North Carolina’s new requirements for third-graders to show they’re reading proficient and should be promoted were altered Wednesday by Senate Republicans in response to complaints from educators and parents about testing anxiety.
The changes approved by the Senate Education Committee came from chamber leader Phil Berger, R-Rockingham. While third-graders have five ways to show they meet reading standards, one path requiring them to take up to 36 in-class mini-tests starting this calendar year caused the most hand-wringing.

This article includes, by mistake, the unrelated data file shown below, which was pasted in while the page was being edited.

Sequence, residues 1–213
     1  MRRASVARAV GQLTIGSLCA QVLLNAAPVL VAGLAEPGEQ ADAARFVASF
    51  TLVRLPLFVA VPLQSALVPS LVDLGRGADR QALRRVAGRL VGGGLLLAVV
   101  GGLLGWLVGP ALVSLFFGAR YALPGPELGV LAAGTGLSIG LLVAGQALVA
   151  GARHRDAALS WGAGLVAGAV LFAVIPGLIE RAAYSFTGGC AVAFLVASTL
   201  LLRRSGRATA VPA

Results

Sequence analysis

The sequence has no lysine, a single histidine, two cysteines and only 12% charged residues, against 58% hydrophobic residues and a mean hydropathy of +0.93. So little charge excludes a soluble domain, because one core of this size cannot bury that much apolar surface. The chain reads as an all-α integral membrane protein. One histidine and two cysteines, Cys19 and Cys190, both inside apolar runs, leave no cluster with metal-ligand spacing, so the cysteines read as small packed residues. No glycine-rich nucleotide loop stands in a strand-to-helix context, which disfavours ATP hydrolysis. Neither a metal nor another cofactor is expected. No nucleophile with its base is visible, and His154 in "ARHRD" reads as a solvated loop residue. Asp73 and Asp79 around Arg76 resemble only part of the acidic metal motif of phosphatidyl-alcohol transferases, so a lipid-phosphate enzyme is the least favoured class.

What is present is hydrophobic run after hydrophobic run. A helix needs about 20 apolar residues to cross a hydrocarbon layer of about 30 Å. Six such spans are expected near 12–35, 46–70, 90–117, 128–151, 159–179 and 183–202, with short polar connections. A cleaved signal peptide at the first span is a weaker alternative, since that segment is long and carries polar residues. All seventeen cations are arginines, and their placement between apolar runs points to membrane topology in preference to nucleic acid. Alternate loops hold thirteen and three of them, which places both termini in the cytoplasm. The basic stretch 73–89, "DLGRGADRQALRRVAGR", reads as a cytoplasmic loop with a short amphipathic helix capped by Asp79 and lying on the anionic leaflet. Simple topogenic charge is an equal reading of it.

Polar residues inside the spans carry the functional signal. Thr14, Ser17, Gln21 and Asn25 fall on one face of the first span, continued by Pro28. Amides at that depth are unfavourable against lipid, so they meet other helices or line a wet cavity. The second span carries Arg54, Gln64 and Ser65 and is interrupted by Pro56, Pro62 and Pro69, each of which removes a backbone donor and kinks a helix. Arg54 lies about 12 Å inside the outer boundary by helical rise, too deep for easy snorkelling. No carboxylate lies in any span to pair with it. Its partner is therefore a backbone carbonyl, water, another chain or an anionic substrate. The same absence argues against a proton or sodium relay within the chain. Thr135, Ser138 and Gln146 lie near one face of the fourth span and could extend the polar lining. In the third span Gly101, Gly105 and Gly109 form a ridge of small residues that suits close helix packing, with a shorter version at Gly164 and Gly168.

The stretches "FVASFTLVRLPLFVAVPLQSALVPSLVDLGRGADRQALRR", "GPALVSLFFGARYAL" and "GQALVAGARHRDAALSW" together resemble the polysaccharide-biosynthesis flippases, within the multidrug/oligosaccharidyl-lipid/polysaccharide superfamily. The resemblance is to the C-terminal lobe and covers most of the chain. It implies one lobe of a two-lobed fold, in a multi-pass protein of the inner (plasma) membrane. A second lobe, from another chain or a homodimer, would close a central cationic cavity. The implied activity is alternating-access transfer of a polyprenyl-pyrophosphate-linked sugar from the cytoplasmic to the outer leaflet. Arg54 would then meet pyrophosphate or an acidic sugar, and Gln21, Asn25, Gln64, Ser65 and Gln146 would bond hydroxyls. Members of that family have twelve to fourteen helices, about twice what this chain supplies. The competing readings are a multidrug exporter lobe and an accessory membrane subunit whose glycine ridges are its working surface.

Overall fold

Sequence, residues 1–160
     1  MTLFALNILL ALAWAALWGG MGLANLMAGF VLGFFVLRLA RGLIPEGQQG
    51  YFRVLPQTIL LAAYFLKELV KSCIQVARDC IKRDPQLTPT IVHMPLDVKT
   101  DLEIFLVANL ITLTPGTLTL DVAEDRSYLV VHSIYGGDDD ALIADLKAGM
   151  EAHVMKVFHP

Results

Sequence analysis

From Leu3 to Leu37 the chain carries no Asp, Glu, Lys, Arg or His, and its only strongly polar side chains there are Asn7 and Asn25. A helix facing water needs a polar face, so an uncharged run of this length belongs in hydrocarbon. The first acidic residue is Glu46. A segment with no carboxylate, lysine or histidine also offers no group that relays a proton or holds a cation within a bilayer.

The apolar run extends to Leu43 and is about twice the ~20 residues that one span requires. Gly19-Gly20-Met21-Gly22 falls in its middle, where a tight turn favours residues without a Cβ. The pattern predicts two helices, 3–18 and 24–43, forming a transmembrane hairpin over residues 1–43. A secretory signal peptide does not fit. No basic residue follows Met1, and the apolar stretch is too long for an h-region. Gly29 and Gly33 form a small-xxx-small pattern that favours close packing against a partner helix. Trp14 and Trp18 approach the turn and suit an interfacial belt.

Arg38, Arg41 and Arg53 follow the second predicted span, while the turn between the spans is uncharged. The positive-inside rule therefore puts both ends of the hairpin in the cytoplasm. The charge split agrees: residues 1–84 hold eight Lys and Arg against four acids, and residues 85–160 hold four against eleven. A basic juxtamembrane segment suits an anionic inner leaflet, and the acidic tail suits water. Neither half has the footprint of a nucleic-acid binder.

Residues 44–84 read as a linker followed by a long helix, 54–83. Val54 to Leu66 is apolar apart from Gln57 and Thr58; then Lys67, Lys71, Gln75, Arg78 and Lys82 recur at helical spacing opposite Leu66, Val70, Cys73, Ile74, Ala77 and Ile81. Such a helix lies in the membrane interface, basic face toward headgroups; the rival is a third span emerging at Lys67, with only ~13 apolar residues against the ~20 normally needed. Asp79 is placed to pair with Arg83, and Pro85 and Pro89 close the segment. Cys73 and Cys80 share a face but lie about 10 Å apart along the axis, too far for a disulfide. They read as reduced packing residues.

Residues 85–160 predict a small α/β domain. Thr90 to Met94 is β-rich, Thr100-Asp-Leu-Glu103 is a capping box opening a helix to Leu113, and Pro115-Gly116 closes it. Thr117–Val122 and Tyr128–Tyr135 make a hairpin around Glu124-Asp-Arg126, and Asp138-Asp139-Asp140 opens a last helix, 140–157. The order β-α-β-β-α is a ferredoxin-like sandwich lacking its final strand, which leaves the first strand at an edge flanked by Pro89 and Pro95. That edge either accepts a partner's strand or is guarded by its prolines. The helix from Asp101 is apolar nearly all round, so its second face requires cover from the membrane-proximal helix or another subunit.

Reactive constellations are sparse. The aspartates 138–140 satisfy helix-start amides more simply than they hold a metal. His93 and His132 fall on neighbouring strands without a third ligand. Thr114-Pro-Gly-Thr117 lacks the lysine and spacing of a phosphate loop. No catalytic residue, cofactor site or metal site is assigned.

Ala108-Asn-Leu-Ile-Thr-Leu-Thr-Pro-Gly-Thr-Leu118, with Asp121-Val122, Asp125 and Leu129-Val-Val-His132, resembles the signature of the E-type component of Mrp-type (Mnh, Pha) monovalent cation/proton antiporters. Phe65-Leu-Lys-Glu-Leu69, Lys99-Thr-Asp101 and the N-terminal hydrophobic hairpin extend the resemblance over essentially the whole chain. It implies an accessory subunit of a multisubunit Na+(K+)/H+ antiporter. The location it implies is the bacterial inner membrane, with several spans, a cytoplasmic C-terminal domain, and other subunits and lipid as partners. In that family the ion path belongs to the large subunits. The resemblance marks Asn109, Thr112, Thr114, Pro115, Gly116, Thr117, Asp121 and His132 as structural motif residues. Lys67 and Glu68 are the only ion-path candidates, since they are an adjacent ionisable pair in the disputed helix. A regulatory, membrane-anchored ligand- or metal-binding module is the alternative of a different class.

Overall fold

Proposed changes would allow the tests to begin earlier in the school year. The bill also would give additional exemptions to some students, such as those with learning disabilities, to prevent them from being held back. Associated Press